FDR got social security and unemployment insurance legislated after a long process of protest from below. The civil rights movement and rebellions in American cities sparked Kennnedy's and Johnson's gradual movement toward the Civil Rights and Voting Rights Acts.
American presidents do nothing decent without strong pressure from below and great international exigencies...
In this reality of American politics, Obama's speech - marking a consolidation of this shift - is of great significance.
Here are some words from the Times's editorial page, which register, if ignoring the Times' long role as advocate of Bush and the global war on terror, this point:
"President Obama’s speech on Thursday was the most important statement on counterterrorism policy since the 2001 attacks, a momentous turning point in post-9/11 America. For the first time, a president stated clearly and unequivocally that the state of perpetual warfare that began nearly 12 years ago is unsustainable for a democracy and must come to an end in the not-too-distant future.
'Our systematic effort to dismantle terrorist organizations must continue,' Mr. Obama said in the speech at the National Defense University. 'But this war, like all wars, must end. That’s what history advises. It’s what our democracy demands.'
As frustratingly late as it was — much of what Mr. Obama said should have been said years ago — there is no underestimating the importance of that statement. Mr. Obama and his predecessor, President George W. Bush, used the state of war that began with the authorization to invade Afghanistan and go after Al Qaeda and others who planned the Sept. 11 attacks to justify extraordinary acts like indefinite detention without charges and the targeted killing of terrorist suspects.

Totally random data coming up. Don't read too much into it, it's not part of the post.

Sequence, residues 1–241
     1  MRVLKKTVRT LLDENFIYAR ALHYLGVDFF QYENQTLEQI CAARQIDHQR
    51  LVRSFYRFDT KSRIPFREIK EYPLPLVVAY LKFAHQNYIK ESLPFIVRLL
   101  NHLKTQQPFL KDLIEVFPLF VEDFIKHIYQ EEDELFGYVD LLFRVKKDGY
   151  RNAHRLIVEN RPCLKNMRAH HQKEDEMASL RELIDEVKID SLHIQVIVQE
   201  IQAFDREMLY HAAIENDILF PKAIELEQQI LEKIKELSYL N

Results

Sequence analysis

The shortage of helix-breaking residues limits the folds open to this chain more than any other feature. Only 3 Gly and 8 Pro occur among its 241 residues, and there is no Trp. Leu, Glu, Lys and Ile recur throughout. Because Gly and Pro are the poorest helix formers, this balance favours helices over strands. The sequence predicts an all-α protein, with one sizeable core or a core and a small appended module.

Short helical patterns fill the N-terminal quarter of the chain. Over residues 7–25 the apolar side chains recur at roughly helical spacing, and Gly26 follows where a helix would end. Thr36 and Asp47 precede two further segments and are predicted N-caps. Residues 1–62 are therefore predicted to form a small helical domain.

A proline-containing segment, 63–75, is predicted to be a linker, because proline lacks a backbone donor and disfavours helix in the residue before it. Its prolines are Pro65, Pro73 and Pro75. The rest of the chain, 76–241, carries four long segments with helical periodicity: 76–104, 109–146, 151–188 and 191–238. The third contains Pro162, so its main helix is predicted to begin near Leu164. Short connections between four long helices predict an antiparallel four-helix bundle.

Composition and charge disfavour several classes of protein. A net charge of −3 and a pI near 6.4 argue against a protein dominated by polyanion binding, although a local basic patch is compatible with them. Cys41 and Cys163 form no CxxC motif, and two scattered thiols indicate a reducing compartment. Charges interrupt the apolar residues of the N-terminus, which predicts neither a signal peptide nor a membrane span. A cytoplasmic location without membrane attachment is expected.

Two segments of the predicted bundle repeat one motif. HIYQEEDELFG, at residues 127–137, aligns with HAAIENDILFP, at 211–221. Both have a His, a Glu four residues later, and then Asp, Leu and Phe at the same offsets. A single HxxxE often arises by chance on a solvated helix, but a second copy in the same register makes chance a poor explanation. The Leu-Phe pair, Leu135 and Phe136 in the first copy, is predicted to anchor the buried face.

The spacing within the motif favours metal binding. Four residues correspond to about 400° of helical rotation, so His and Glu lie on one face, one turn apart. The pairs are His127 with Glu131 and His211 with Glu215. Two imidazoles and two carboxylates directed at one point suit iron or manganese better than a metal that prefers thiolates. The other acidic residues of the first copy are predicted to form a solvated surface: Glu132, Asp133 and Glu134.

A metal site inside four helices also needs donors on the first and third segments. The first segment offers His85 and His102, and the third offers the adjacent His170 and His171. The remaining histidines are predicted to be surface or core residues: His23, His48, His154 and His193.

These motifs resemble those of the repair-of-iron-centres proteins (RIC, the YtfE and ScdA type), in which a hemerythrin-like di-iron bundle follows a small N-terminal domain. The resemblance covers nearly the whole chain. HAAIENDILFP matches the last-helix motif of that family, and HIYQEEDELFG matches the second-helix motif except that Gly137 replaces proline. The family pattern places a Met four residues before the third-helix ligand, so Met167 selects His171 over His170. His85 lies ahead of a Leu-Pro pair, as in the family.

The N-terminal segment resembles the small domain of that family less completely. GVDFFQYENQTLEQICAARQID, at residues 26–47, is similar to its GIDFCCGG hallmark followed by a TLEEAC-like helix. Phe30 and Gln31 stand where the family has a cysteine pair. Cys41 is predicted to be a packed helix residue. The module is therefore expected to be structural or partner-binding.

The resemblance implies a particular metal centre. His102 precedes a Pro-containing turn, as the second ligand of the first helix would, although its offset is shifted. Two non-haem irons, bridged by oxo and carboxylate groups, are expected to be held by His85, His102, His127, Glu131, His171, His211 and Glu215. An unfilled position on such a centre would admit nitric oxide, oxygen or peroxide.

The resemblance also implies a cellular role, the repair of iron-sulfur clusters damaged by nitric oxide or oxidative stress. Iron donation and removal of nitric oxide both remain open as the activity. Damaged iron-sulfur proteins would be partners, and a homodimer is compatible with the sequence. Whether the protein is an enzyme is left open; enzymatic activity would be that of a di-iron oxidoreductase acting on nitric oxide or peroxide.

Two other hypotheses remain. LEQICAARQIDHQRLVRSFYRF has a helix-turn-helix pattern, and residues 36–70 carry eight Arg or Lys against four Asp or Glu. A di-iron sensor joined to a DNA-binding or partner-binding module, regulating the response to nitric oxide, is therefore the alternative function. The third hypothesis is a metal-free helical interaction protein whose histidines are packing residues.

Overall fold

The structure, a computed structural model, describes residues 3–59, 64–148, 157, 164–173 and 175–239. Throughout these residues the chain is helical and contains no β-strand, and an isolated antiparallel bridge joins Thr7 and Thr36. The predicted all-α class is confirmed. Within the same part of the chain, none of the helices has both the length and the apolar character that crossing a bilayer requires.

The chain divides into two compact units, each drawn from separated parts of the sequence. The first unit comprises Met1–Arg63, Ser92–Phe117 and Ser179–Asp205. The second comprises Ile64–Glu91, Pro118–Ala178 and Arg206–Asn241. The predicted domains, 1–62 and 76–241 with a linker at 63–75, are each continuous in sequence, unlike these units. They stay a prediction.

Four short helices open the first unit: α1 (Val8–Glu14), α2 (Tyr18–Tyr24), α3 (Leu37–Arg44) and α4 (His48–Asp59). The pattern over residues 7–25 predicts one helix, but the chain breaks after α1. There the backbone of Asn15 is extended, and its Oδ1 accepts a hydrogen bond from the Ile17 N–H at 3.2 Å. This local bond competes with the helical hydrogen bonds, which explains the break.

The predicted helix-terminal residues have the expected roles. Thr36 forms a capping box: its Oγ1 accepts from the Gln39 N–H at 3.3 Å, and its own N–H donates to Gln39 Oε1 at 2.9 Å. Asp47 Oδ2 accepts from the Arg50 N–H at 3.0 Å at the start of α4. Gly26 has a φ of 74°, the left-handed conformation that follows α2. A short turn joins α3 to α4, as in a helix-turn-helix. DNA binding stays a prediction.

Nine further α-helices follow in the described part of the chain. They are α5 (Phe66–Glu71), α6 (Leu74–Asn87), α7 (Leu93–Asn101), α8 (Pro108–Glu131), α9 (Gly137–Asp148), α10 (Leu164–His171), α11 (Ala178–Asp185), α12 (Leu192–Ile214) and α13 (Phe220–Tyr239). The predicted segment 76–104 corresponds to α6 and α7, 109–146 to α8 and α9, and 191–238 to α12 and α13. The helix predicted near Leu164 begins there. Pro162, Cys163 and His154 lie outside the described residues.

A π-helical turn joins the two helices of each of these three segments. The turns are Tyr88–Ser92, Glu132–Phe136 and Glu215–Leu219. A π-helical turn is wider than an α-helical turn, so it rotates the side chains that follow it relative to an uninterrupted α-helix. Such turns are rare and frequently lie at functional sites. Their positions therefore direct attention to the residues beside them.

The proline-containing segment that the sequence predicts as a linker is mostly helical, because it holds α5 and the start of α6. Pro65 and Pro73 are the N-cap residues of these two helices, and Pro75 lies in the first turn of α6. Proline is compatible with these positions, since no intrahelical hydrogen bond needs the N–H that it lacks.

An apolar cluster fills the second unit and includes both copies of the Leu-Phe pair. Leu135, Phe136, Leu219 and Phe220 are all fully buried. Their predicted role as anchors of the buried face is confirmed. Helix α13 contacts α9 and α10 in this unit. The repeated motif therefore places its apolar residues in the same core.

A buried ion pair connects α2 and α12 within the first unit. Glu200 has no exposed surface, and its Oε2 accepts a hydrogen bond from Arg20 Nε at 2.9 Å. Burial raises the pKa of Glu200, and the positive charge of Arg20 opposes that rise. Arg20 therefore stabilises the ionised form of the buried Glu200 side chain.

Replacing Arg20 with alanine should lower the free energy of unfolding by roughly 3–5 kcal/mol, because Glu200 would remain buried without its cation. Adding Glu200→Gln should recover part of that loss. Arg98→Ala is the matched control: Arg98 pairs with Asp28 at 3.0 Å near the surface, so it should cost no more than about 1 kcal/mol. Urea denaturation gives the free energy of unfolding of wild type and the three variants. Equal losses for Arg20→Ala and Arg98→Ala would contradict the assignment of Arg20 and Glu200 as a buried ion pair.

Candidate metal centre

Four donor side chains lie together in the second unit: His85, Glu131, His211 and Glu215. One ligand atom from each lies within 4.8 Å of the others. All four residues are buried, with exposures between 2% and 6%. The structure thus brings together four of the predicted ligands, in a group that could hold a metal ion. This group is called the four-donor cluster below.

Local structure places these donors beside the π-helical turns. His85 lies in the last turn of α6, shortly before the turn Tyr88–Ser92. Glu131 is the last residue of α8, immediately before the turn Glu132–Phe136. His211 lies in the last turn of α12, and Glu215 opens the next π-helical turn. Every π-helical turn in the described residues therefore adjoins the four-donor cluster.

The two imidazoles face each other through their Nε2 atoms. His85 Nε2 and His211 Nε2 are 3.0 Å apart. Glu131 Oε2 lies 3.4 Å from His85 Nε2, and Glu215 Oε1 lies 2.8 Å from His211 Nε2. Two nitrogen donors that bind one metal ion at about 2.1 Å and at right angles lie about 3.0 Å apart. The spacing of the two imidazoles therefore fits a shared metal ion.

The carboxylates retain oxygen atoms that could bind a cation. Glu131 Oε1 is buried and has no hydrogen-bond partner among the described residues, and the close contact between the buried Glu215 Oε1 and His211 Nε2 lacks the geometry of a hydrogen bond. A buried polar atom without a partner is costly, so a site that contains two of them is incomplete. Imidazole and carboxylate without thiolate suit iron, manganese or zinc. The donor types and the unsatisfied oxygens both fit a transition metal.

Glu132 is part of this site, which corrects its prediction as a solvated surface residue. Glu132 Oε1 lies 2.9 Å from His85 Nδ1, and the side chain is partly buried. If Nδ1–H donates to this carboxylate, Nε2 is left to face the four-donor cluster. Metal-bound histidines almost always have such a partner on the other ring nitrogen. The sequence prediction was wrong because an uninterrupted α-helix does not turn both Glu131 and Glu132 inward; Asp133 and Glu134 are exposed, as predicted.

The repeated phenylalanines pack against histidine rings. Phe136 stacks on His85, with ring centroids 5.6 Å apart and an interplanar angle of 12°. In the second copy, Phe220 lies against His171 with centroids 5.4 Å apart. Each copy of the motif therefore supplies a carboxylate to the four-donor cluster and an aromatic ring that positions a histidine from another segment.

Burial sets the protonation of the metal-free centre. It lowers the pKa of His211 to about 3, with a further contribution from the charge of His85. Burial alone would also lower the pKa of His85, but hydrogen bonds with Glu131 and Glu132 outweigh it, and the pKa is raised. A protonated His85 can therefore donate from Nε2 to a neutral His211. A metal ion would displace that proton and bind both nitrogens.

While there are some, particularly the more hawkish Congressional Republicans, who say this war should essentially last forever, Mr. Obama told the world that the United States must return to a state in which counterterrorism is handled, as it always was before 2001, primarily by law enforcement and the intelligence agencies [this was actually coups against non-white democracies, military aid to generals who tortured, overseeing torture, and many other criminal acts. That that era contrasts favorably with the awfulness of Bush-Cheney is quite a comment...]. That shift is essential to preserving the democratic system and rule of law for which the United States is fighting, and for repairing its badly damaged global image." Editorial, May 24, 2013, see the full version here.
Day 106 of the Guantanamo Hunger Strike
Included below is our response to President Obama’s comments today about Guantanamo. The additional suffering that the men in Guantanamo have taken on themselves in this hunger strike has forced those in power to respond. Because of their sacrifice, and the contributions of so many of you – in phone calls, vigils, letters, petitions, arrests, and many other creative actions – we are closer to Guantanamo’s closure today than we were yesterday.
But our work is far from done. It is more important now than ever before to keep up all forms of pressure!
Please take a moment to read our response below, and look through the list at the end of this message to find ways to engage in the continuing work.
for Witness Against Torture
No More Excuses – Anti-Guantanamo Activists Demand that President Obama Make Good on Promise to Restart Transfers and Close Guantanamo; Vow to Keep Pressure on President
FOR IMMEDIATE RELEASE
MAY 23, 2103
Contacts: Matt Daloisio